In the past two years, many have labelled Jiangsu native Huang Haitao a crazy man.
Often, he would also question his own sanity.
There was otherwise no way to explain why the 45-year-old would pack up his life and family and drive around China, then head to Europe from his home in Nanjing and back, to promote the Youth Olympic Games (YOG).
Travelling in his trusty Toyota Tundra, he - plus wife Furong, daughter Xinyi and niece Peng Xinyao - covered all 22 provinces, four municipalities and five autonomous regions within mainland China, before visiting more than 30 countries in Europe.
The 18-month journey spanned some 120,000km and cost the Huangs - the Nanjing Games' only "Volunteer Family" - about RMB 1.8 million (S$360,000), with more than half going towards paying for the pick-up.
Huang and his 38-year-old wife gave up their jobs as school teachers while the teenagers, now 15 and 14, deferred their studies.
But to him, it was a small price to pay for the experience they have gained.
He told The Straits Times: "Travelling is a great way to learn life lessons and increase your social awareness.
"The YOG tied in very well with what I wanted to teach my kids.
"The Games puts a lot of emphasis on friendship and education. It gave our journey so much more meaning and life, and the kids learnt so much."
With their pick-up plastered with stickers of the Nanjing Games logo and carrying banners in their hands, they had a plan for each stop they made, giving out pamphlets in public squares and visiting schools to give talks.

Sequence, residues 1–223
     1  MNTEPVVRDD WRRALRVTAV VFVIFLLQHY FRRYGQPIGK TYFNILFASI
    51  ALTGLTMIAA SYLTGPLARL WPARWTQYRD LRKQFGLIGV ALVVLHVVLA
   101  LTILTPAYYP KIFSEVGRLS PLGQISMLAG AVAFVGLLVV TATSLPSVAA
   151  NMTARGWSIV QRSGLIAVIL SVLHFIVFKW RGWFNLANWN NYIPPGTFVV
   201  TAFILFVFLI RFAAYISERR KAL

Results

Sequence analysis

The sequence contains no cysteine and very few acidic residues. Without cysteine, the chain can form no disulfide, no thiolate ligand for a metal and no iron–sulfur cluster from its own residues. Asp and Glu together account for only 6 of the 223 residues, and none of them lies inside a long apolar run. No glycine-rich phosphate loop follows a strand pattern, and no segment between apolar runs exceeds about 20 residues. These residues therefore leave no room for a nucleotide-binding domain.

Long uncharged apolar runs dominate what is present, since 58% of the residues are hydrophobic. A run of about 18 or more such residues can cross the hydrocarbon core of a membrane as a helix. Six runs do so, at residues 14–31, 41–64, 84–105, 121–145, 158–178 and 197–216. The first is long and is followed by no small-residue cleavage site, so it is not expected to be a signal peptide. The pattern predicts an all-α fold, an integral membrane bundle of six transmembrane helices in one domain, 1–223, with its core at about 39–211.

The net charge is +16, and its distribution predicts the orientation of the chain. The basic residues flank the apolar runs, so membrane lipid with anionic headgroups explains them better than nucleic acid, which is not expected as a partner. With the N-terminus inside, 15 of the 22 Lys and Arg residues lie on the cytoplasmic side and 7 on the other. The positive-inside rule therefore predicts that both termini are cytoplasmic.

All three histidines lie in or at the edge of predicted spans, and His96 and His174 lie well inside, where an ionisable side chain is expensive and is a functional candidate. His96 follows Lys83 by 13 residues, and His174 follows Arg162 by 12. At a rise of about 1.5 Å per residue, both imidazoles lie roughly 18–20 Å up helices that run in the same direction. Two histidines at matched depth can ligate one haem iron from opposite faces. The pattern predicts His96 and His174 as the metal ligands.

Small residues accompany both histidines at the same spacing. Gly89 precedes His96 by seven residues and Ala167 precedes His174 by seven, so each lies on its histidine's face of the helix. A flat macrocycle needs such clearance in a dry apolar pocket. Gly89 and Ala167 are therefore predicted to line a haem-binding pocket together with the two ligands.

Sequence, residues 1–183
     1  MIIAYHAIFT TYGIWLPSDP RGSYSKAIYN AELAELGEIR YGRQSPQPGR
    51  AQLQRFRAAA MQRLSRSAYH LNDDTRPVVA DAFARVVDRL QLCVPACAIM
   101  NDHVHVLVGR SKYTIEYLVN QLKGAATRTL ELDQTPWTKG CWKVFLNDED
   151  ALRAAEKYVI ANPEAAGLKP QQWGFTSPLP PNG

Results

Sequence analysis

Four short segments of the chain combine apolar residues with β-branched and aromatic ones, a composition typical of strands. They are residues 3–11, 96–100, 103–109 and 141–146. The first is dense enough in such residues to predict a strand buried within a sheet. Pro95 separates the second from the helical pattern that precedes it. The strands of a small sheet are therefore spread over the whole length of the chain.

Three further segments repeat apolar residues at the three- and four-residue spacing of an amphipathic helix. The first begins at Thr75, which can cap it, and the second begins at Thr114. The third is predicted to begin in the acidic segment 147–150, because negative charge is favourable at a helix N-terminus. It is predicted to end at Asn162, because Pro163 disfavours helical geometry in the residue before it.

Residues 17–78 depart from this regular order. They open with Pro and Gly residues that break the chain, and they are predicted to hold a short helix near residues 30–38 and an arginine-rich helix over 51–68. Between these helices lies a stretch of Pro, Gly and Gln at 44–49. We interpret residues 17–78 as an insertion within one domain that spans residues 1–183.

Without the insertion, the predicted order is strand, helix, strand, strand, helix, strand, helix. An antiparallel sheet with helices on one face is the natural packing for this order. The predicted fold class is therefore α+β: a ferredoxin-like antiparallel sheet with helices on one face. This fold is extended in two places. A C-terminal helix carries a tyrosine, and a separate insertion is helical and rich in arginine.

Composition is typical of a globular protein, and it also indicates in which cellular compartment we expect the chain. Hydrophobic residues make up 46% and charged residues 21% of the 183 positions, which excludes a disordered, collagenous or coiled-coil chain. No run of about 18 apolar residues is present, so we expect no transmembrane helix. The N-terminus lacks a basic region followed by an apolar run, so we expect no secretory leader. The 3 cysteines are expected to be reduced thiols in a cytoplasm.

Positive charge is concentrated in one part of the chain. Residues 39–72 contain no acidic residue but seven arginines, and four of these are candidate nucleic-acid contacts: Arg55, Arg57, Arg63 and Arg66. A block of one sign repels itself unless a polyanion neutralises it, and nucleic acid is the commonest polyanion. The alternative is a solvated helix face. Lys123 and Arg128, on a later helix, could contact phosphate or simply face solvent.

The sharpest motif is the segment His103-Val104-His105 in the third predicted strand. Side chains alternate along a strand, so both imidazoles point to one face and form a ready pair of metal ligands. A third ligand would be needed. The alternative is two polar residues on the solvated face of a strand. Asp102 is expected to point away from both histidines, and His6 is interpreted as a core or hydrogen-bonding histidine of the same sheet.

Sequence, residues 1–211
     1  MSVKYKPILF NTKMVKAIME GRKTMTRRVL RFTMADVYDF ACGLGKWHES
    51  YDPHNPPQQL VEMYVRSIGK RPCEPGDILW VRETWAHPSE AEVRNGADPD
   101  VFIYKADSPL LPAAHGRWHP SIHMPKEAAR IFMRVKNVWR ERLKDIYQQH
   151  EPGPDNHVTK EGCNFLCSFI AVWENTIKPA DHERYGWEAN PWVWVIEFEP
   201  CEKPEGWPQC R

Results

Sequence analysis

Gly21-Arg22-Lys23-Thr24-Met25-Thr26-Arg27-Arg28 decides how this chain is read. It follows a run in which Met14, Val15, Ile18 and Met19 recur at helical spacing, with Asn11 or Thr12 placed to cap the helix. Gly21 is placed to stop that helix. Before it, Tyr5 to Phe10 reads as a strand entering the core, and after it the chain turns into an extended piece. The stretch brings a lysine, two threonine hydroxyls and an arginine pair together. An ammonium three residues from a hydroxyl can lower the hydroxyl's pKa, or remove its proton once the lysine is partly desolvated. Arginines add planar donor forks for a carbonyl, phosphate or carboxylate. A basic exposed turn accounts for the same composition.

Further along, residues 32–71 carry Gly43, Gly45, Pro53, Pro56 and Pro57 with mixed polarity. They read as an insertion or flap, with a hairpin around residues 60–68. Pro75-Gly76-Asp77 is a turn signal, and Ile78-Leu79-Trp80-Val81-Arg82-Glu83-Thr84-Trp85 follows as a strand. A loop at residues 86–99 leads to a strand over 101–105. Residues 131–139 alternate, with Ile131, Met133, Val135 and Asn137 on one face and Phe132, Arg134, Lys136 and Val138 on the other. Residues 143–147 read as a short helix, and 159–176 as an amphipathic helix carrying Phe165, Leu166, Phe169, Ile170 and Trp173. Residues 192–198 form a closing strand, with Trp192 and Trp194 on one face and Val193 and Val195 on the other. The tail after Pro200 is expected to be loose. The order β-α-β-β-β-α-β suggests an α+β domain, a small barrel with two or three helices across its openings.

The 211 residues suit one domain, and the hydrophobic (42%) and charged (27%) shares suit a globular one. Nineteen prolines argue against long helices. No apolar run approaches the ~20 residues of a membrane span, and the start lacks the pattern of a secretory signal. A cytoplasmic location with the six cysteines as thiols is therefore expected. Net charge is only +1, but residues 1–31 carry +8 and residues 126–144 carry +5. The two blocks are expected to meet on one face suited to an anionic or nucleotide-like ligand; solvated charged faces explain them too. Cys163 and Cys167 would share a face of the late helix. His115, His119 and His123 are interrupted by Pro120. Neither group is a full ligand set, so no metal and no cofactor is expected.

Huang began planning for the trip in 2010 when Nanjing won the bid to host the event, making sure he had a wide range of information, from the exact locations of petrol stations along the way, to basic medical know-how and spare parts for the vehicle.
Clothes for all four seasons were packed into the back of the pick-up, together with a stove, rice cooker and essentials like chilli, fermented beancurd and even a soya milk machine.
To save money, many nights were spent sleeping in tents or inside the vehicle when there were no safe camping sites.
It was simple living - many meals were self-prepared - but it led to many unforgettable experiences and new friends, with whom they are still in contact.
"Many locals were incredibly hospitable and insisted on bringing us to their homes after hearing our story," said Huang who was the only one behind the wheel.
There was an elderly Norwegian woman in Oslo whose farm they worked on, fertilising the fields and milking the cows.
There was also a rainy night in Tibet when the snores of wild boars sleeping outside their relatively warmer tents startled the family awake.
Said Huang: "I wanted to give the children an objective view of the world. It's experiences like these that they will remember their whole lives."
But there was also danger along the way.
Stopping at Jostedal Glacier National Park in western Norway around May last year, Huang's daughter fell through a frozen lake, with her leg losing sensation almost immediately in the water beneath.
Huang, tying himself to his pick-up with a rope, was able to get her out. But it was not until he had spent two hours rubbing her legs with his hands that she regained sensation in them.
Huang admits there were countless times they wanted to return home. He said: "You get homesick. You call yourself crazy for giving up the comfort of home to come out and do this."
Each time, their desire to complete their mission of promoting the Games spurred them on.
"I think our efforts made a contribution. When we started, not many knew what the YOG were.
"But by the time we got to the fifth province in China, word of what we were doing had travelled," said Huang.
He estimates they dealt with no fewer than 1,500 media outlets during their travels.
His wife had also said: "Having the theme of the YOG was also a source of courage for us when things got tough. It was the spirit of our whole journey."
This article was first published on August 23, 2014.
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